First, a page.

Both pre-mature occlusal contact in closure, and prolonged occlusal contact in excursive movements made from centric occlusion, have been shown to produce elevated muscle contraction levels, that can load installed adhesive restorations excessively, leading to muscularly-induced sensitivity and restoration failure (Kerstein & Radke, 2006; Kerstein & Radke, 2012). Pre-mature short duration and moderately forceful contacts that occur after initial tooth contact but before the patient reaches stable and complete intercuspation, have been described as “glancing blows.” (Kerstein, 2006). It is often these micro-repetitive occlusal forces that precede entry into complete intercuspation, that creates the sensitivity and restoration failure often observed in the aesthetic dental case (Kerstein, 2006).

Esthetic cases in which there is a prosthodontically-accomplished, occlusal vertical dimension change, are more complex to successfully treat, than those in which the vertical dimension remains unchanged. If a patient presents with a short or worn anterior teeth, changing the vertical dimension may be required to lengthen the teeth and improve the aesthetic region.

Changing the vertical dimension of occlusion requires an advanced level of understanding as to how best to:

  • Discover the new maxillomandibular relationship;

  • Maintain the desired and targeted relationship through the restorative process;

  • Create bilateral simultaneous occlusal contact on the new restorations, at the altered vertical dimension; and

  • Create rapid posterior disclusion in excursive movements.

Further, it is necessary to create an occlusal design that will reduce or eliminate parafunctional activity, thereby aiding in both the reduction of post insertion sensitivity and in the enhancement of restoration longevity.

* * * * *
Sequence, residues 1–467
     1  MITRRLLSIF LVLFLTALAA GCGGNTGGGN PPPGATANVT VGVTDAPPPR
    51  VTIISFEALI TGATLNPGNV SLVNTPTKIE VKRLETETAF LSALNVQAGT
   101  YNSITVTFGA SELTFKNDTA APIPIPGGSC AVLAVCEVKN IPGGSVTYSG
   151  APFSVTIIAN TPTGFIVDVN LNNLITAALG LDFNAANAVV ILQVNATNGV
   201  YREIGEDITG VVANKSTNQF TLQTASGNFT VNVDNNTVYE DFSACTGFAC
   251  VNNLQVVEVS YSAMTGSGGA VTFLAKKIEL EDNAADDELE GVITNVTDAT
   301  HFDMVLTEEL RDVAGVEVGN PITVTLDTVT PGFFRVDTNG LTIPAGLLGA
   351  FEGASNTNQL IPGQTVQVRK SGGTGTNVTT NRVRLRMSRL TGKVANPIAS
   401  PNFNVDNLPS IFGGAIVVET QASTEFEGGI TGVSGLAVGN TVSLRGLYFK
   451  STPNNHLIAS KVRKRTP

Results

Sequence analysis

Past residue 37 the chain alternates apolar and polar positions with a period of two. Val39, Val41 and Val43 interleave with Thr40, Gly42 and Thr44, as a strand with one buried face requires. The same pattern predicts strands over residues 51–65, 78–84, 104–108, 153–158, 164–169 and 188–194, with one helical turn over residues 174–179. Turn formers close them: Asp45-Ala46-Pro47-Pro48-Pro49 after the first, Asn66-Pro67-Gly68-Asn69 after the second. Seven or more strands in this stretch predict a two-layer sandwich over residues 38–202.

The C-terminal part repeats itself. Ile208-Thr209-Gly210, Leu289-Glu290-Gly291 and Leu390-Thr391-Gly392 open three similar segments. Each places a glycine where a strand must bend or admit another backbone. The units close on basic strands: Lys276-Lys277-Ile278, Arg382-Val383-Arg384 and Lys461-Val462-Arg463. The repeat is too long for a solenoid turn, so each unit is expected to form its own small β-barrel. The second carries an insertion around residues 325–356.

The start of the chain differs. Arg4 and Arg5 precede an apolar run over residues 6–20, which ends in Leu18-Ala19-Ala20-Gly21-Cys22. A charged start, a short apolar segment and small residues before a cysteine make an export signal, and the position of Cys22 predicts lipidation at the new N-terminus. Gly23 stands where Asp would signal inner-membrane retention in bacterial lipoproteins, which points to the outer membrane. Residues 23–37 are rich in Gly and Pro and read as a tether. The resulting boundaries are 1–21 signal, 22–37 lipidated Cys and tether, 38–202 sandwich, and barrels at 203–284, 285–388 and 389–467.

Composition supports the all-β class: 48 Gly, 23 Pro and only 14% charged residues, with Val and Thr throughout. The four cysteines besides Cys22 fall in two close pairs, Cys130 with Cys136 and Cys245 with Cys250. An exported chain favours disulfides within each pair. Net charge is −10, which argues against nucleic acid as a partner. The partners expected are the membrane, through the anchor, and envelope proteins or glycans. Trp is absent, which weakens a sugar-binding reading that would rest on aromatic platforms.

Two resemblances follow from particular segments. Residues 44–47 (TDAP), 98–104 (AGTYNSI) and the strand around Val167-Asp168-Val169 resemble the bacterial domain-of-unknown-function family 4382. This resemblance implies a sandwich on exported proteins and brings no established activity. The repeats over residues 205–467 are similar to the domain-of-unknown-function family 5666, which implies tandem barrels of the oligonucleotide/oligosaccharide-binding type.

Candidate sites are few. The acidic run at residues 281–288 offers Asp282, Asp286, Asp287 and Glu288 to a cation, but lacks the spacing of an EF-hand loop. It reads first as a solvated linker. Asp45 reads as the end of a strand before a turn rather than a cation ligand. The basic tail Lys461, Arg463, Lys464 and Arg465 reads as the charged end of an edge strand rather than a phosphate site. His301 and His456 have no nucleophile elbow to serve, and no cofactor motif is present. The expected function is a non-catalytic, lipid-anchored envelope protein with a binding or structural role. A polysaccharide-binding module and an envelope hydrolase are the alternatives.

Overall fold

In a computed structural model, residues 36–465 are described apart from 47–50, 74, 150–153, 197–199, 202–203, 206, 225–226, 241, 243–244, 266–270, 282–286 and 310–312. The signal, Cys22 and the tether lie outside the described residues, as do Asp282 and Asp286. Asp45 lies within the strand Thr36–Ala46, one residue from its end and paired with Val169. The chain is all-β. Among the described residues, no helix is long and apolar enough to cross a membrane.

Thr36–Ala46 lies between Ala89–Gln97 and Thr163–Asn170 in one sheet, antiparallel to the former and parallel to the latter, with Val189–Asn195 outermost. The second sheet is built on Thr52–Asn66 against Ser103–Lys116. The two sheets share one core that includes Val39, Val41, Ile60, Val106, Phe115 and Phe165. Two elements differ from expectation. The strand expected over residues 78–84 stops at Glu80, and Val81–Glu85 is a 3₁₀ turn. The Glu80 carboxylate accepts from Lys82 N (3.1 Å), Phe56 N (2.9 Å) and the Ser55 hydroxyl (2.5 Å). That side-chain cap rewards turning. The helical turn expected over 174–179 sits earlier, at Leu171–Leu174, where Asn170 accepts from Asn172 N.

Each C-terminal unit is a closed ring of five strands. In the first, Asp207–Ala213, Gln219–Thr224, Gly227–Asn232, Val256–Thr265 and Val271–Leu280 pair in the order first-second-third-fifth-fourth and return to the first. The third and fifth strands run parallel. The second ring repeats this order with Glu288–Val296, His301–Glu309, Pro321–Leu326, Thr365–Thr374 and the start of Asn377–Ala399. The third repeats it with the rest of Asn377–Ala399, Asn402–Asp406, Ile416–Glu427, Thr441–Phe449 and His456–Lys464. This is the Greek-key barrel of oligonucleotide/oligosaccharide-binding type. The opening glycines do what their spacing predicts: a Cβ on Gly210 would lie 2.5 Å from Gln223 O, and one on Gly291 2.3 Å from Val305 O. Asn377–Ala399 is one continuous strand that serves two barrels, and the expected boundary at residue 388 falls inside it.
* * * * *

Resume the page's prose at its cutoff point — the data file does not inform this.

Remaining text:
Key Terms in this Chapter

CAD/CAM: The acronym for computer-aided design / computer aided manufacturing. This term relates to the use of computers to design and mill products.

Zenith: The location of the highest point of the gingival crest.

Virtual: An image created or simulated by computer software.

Equilibration: The process of adjusting the surfaces of a few occluding posterior teeth that interfere with the arc of closure, so as to equalize the CR-CO discrepancy.

Occlusal Adjustment: Reshaping teeth to balance the applied occlusal forces, and to improve the timing at which all occluding teeth, receive applied occlusal force.

Electrovibratography: The science of using surface transducers to detect and record underlying vibrations, then displaying them on a computer monitor for analysis.

Occlusion Time: The elapsed time between the first contact of closure sequence thru until stable intercuspation of all teeth; = 0.2 seconds duration is considered ideal.

Confocal: An optical imaging technique that eliminates reflected light outside of the depth of field focus, allowing for a virtual reconstruction of three-dimensional objects.

Disclusion Time: The elapsed time required between the onset of an excursive movement that exits from complete intercuspation thru until there is complete separation of all posterior teeth bilaterally; = 0.5 seconds duration is considered ideal.

Cant: The difference in height between the two ends of a line of reference.